Dinosaur bones are not just static objects to be left on the shelf. As paleontologist Jack Horner put it in his book "Dinosaur Lives," "A dinosaur out of context is like a character without a story. Worse than that, the character suffers from amnesia."
The international market for fossils damages science in other ways as well. Some sellers create forgeries and chimeras. The croc-snouted dinosaur Irritator got its name because a fossil dealer glued extraneous bones to the dinosaur's skull to make it look more complete than it was.
Paleontologists were able to catch that fake, but researchers can be fooled by fancy fossils with murky back stories. Even the venerable National Geographic gave undue attention to a faked fossil.
In 1999, the magazine heralded "Archaeoraptor" as a significant stage in the evolution of birds from dinosaurs. The animal seemed to fit within the pattern of authentic feathered dinosaurs that were just beginning to be described in peer-reviewed literature.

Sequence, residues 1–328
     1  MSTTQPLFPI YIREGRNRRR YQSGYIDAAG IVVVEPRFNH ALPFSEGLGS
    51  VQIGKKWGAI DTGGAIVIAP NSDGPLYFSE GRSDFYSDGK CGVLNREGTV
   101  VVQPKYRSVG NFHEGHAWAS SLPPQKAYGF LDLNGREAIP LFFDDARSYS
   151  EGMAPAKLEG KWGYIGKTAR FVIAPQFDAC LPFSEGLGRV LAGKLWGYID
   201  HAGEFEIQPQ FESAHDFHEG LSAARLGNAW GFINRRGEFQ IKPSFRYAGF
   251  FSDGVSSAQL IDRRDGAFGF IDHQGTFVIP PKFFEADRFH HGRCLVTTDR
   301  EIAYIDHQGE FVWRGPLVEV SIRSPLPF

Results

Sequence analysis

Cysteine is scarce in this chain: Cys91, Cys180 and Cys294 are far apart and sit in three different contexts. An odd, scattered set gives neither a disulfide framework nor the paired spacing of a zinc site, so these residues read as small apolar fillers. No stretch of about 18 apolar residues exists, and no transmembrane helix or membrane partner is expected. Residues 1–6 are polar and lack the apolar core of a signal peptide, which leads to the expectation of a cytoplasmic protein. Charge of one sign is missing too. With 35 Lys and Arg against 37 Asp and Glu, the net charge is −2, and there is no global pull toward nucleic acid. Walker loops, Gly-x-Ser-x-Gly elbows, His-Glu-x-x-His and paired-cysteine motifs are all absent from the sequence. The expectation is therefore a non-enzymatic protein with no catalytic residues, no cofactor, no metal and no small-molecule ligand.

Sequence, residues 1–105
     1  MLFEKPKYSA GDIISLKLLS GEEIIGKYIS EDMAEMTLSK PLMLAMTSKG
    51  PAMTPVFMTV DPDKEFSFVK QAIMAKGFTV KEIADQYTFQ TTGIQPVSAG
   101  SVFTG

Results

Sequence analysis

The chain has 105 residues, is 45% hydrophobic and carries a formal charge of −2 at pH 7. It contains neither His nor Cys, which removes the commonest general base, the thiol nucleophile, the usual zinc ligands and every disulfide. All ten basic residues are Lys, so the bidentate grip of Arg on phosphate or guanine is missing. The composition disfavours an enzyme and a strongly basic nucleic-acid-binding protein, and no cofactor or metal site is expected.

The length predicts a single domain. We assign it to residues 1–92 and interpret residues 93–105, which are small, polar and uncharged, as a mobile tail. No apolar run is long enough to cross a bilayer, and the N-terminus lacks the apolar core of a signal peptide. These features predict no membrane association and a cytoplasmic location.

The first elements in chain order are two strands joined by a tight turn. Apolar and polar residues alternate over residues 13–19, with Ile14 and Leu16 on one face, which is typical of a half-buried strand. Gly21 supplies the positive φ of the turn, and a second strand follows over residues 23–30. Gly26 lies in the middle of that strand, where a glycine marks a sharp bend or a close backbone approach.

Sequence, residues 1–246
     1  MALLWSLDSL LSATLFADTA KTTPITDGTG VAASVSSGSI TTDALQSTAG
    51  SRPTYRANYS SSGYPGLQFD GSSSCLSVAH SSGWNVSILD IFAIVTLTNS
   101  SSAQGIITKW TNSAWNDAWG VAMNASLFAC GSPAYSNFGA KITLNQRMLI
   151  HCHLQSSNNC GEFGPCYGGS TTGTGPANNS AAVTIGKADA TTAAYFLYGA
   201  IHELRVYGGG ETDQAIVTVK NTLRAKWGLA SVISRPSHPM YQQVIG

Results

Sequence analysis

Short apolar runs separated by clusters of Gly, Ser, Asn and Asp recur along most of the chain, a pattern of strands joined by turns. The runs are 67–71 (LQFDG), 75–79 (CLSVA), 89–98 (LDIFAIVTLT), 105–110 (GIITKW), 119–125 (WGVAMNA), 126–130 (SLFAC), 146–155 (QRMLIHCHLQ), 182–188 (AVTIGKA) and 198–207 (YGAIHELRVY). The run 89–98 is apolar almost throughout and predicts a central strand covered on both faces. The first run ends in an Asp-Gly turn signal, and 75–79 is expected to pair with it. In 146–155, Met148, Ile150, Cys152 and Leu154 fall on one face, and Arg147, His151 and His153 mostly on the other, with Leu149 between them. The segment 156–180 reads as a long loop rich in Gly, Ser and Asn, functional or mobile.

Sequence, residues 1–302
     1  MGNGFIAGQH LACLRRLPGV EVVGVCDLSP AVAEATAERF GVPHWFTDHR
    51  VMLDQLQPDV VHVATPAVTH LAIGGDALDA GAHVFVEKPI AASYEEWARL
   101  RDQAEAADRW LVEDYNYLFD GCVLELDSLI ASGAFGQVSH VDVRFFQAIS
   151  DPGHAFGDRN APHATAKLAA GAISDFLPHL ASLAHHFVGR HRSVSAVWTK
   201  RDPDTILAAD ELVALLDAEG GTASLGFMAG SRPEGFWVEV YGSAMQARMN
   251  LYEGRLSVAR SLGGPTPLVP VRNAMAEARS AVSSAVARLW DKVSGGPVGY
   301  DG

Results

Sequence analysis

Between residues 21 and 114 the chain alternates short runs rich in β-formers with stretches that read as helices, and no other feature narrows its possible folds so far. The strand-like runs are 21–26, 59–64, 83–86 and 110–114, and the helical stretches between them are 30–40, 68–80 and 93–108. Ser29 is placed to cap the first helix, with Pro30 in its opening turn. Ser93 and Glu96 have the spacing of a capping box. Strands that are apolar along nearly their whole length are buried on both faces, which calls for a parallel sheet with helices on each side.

Eventually it became clear that "Archaeoraptor" had been illegally exported from China and was a composite of at least two fossils. After an internal investigation, National Geographic admitted that it was a fraud.
Even so, the hype around the controversial chimera gave ammunition to creationists and those who stubbornly insist that birds cannot be dinosaurs. Authentic, well-studied fossils have confirmed over and over again that birds are just one kind of dinosaur, but fundamentalists still trot out "Archaeoraptor" to insist that the scientific community cannot be trusted. As this episode demonstrates, black market fossils can hurt science in an unfortunate array of ways.